Academic journal article International Journal of Child and Adolescent Health

Incest: Child Sexual Abuse within the Family

Academic journal article International Journal of Child and Adolescent Health

Incest: Child Sexual Abuse within the Family

Article excerpt

Introduction

Sexual abuse of infants, children, and adolescents remains an unfortunate tragedy in all societies in the world (1). In this discussion we focus on intra-familial sexual abuse or incest (child incestuous abuse) that, as noted by the story of the Old Testament figure, Lot, has a history that dates back to the dawn of human civilization:

Lot and his two daughters left Zoar and settled in the mountains, for he was afraid to stay in Zoar. He and his two daughters lived in a cave. One day the older daughter said to the younger, "Our father is old, and there is no man around here to give us children-as is the custom all over the earth. Let's get our father to drink wine and then sleep with him and preserve our family line through our father." That night they got their father to drink wine, and the older daughter went in and slept with him. He was not aware of it when she lay down or when she got up. The next day the older daughter said to the younger, "Last night I slept with my father. Let's get him to drink wine again tonight, and you go in and sleep with him so we can preserve our family line through our father." So they got their father to drink wine that night also, and the younger daughter went in and slept with him. Again he was not aware of it when she lay down or when she got up. So both of Lot's daughters became pregnant by their father. The older daughter had a son, and she named him Moab; he is the father of the Moabites of today. The younger daughter also had a son, and she named him Ben-Ammi; he is the father of the Ammonites of today.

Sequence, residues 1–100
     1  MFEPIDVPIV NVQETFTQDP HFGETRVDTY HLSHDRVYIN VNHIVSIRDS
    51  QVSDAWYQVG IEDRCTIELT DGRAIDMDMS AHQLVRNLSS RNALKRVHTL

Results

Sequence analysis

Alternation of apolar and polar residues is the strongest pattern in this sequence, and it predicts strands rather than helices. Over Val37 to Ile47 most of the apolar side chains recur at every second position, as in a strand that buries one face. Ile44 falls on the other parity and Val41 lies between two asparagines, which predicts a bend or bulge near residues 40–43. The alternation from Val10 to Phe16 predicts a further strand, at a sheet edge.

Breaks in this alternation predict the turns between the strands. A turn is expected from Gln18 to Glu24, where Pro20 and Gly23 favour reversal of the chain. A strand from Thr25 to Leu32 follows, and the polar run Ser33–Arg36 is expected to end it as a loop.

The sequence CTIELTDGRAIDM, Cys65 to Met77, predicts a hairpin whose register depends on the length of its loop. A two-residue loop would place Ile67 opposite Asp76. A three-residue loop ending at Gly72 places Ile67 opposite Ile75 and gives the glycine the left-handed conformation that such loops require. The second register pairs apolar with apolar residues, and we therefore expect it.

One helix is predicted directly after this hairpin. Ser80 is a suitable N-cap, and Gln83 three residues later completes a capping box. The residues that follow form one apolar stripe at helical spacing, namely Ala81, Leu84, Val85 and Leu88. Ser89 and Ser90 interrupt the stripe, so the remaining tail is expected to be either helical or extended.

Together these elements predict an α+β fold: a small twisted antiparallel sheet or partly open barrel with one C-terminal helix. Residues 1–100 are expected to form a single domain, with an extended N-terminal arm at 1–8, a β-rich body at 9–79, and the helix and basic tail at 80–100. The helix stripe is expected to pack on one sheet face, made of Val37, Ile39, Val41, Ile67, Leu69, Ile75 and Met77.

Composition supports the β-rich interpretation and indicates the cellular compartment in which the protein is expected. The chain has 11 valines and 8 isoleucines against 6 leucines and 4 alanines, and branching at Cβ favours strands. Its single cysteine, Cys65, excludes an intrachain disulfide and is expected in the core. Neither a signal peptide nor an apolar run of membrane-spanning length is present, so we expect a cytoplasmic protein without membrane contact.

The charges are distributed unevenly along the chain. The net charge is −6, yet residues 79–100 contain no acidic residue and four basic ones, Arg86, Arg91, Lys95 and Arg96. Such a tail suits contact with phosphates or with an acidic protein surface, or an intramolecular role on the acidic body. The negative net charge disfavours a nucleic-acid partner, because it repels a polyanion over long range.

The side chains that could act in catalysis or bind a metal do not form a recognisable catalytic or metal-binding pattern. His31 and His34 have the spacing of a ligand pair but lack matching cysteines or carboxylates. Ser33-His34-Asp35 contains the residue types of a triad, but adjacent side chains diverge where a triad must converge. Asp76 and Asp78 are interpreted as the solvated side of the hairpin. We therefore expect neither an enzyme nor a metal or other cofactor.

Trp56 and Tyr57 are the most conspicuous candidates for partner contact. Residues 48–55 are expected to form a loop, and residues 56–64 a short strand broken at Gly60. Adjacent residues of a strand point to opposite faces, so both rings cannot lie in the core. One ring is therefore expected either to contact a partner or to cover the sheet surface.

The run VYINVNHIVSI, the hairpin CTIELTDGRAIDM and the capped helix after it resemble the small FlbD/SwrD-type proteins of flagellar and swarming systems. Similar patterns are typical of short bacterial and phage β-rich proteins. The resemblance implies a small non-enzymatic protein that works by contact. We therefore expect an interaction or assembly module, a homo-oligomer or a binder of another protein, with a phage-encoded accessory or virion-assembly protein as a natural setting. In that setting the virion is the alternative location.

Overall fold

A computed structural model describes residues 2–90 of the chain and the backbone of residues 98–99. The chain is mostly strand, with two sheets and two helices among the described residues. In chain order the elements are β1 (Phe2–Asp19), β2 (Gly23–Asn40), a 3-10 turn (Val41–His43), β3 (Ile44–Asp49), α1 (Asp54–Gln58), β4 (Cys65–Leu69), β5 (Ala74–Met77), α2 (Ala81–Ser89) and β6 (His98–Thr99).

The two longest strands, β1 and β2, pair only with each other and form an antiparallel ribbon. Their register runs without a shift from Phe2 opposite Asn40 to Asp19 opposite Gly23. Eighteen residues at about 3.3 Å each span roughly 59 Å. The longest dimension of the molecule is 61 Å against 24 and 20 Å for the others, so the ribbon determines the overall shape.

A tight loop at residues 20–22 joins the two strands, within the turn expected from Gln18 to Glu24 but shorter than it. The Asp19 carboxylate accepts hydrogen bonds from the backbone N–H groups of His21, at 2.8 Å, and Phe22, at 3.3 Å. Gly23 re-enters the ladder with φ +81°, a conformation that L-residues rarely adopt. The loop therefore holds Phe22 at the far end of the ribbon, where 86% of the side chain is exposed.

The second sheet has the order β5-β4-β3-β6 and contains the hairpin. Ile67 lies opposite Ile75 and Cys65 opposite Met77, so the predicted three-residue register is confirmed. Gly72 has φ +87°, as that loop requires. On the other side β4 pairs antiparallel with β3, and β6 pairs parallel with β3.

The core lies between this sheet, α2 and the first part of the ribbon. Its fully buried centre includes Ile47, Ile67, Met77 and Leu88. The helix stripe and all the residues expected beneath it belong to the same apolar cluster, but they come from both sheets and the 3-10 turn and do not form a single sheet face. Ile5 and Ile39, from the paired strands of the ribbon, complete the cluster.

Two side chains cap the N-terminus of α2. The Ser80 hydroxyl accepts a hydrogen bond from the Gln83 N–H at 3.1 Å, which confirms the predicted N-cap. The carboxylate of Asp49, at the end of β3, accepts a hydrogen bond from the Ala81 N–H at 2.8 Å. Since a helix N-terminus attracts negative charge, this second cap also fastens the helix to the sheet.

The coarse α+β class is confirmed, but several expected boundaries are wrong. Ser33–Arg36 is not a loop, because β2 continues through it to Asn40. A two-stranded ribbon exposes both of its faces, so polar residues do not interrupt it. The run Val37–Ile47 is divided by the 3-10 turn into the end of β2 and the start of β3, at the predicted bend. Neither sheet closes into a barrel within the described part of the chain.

Genesis 19: 30-38

History records that Cain, son of the first parents (Adam and Eve) married his sister Awan based on a common theme of antiquity, as also illustrated with Lot's daughters, that suitable mates were not available for females of child-bearing age (2). Royal families, as epitomized by ancient Egyptian dynasties, used incest in attempts to keep their descendants "royal" (2, 3). The issue of rape was suggested around 1000 BC by the Old Testament story of Amnon, a son of the ancient King David, who raped his half-sister, Tamar (2 Samuel 13: 9-14):

Send everyone out of here," Amnon said. So everyone left him. Then Amnon said to Tamar, "Bring the food here into my bedroom so I may eat from your hand." And Tamar took the bread she had prepared and brought it to her brother Amnon in his bedroom. But when she took it to him to eat, he grabbed her and said, "Come to bed with me, my sister." "No, my brother!" she said to him. "Don't force me! Such a thing should not be done in Israel! Don't do this wicked thing. What about me? Where could I get rid of my disgrace? And what about you? You would be like one of the wicked fools in Israel. Please speak to the king; he will not keep me from being married to you." But he refused to listen to her, and since he was stronger than she, he raped her.

The puzzle of incest was allegorized by the famous Greek writer (tragedian) Sophocles (497-405 BCE) in his classic 429 BCE play, Oedipus Rex. In this story passed down through the ages and analyzed by a myriad of scholars, Oedipus becomes king of Thebes after killing his father (Laius) and then marrying his mother (Jocasta). Tragedy befalls Oedipus whose mother subsequently hangs herself and he gouges out his eyes in horror at what he has done and what fate led him to do:

.. ..that I was fated to lie with my mother,

And show daylight an accursed breed

Which men would not endure, and I was doomed

To be murderer of the father that begot me" (4)

Incest was accepted for eons of time as was sexual abuse of children in general. The first law in Western civilization against rape of children or adolescents was not enacted until 1280 AD in England and incest was not identified as a crime until 1908 in England (1). In the 19th century, the Austrian neurologist and founder of psychoanalysis, Sigmund Freud (1856-1939), discussed the controversial subject of the Oedipus complex in which a child (usually a son) has an unresolved desire for sexual behavior with a parent of the opposite sex (usually the son for the mother) and begins to hate the same sex parent (usually the father) as the rival for the opposite sex parent. …

Search by... Author
Show... All Results Primary Sources Peer-reviewed

Oops!

An unknown error has occurred. Please click the button below to reload the page. If the problem persists, please try again in a little while.